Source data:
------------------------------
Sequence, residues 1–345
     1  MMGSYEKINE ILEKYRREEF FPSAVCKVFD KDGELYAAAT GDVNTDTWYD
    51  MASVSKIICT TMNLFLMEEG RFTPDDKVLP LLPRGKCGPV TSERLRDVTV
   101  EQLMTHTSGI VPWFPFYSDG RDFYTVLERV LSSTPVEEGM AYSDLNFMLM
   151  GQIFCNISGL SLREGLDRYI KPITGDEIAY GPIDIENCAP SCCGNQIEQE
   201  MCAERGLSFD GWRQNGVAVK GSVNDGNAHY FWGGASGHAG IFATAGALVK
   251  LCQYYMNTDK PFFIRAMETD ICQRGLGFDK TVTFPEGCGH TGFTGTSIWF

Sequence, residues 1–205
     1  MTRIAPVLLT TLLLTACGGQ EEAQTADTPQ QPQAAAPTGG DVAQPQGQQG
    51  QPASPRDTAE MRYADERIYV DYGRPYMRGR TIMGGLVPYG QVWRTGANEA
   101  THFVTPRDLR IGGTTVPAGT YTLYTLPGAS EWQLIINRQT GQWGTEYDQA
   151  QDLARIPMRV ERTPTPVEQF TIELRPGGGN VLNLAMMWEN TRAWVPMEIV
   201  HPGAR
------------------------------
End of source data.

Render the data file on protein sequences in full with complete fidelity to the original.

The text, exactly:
Sequence, residues 1–345
     1  MMGSYEKINE ILEKYRREEF FPSAVCKVFD KDGELYAAAT GDVNTDTWYD
    51  MASVSKIICT TMNLFLMEEG RFTPDDKVLP LLPRGKCGPV TSERLRDVTV
   101  EQLMTHTSGI VPWFPFYSDG RDFYTVLERV LSSTPVEEGM AYSDLNFMLM
   151  GQIFCNISGL SLREGLDRYI KPITGDEIAY GPIDIENCAP SCCGNQIEQE
   201  MCAERGLSFD GWRQNGVAVK GSVNDGNAHY FWGGASGHAG IFATAGALVK
   251  LCQYYMNTDK PFFIRAMETD ICQRGLGFDK TVTFPEGCGH TGFTGTSIWF

Sequence, residues 1–205
     1  MTRIAPVLLT TLLLTACGGQ EEAQTADTPQ QPQAAAPTGG DVAQPQGQQG
    51  QPASPRDTAE MRYADERIYV DYGRPYMRGR TIMGGLVPYG QVWRTGANEA
   101  THFVTPRDLR IGGTTVPAGT YTLYTLPGAS EWQLIINRQT GQWGTEYDQA
   151  QDLARIPMRV ERTPTPVEQF TIELRPGGGN VLNLAMMWEN TRAWVPMEIV
   201  HPGAR